The Truth About Texas Blackouts And What Needs To Be Done

This is an excellent op-ed by Chuck DeVore who is Vice President of the Texas Public Policy Foundation. As DeVore points out, unfortunately, Texas and many Western states are at risk for rolling blackouts this summer.

Texas’ blackouts – here’s the truth about why they happened and what we have to do next

By Chuck DeVore, Fox News, 03/02/2021

There are two general reasons for Texas’ prolonged power outages

As Texas entered a deep freeze on Feb. 14, Dallas, Austin and San Antonio broke seven record lows over three days. Ice-laden trees snapped power lines. Wind turbines ground to a halt while some reliable natural gas, coal and nuclear plants failed to get energy to the grid. Electricity demand hit an all-time high – but the supply wasn’t available, plunging some four million Texans into the cold and darkness.

As massive gas-powered turbines spun down across Texas and the lights went out, an aggressive narrative spun up: the electric grid failed in Texas, not because wind and solar failed, but due to a lack of regulatory power to force the electric industry – from natural gas producers to pipeline operators to power generators, and lastly, the transmission line firms – to winterize. It was a failure of Texas’ unregulated free market. And further, this extreme weather event was a harbinger of more to come due to climate change, necessitating even more wind and solar power.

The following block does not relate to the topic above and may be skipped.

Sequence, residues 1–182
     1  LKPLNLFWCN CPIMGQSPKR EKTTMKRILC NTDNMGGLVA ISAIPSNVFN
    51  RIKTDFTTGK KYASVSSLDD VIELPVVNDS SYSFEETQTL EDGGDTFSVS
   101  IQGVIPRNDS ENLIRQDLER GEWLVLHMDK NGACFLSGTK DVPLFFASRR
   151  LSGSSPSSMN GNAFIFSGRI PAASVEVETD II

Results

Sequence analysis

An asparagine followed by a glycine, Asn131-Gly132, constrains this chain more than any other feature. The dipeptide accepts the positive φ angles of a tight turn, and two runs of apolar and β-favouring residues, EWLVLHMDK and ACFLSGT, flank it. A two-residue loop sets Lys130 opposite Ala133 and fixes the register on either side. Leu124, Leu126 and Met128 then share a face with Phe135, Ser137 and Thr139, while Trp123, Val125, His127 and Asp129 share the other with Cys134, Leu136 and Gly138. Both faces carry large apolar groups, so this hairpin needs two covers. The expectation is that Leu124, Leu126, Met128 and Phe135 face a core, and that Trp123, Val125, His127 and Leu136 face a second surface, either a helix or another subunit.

This narrative, pushed out by the renewable industry and environmentalists, found a sympathetic mouthpiece in corporate media.

The narrative is wrong.

There are three electric grids in the continental U.S with Texas having its own grid providing power to about 90% of Texans. This electrical independence allows Texans to escape a certain amount of federal meddling in its electric affairs – though it also makes Texans largely responsible for their own problems.

Addressing those problems, the Texas Legislature held marathon hearings a week after the freeze. That testimony, and an increasing flow of information from operators on the ground, has produced a more complete picture of what went wrong during a storm that plunged Texas into a deep freeze colder than most of Alaska.

There are two general reasons for Texas’ prolonged power outages, one proximate to the storm and involving a series of on-the-ground mistakes and cold-related failures, and one the result of long-term policy.

However, it was the policy failures over 20 years that allowed the storm-related failures to become persistent and deadly.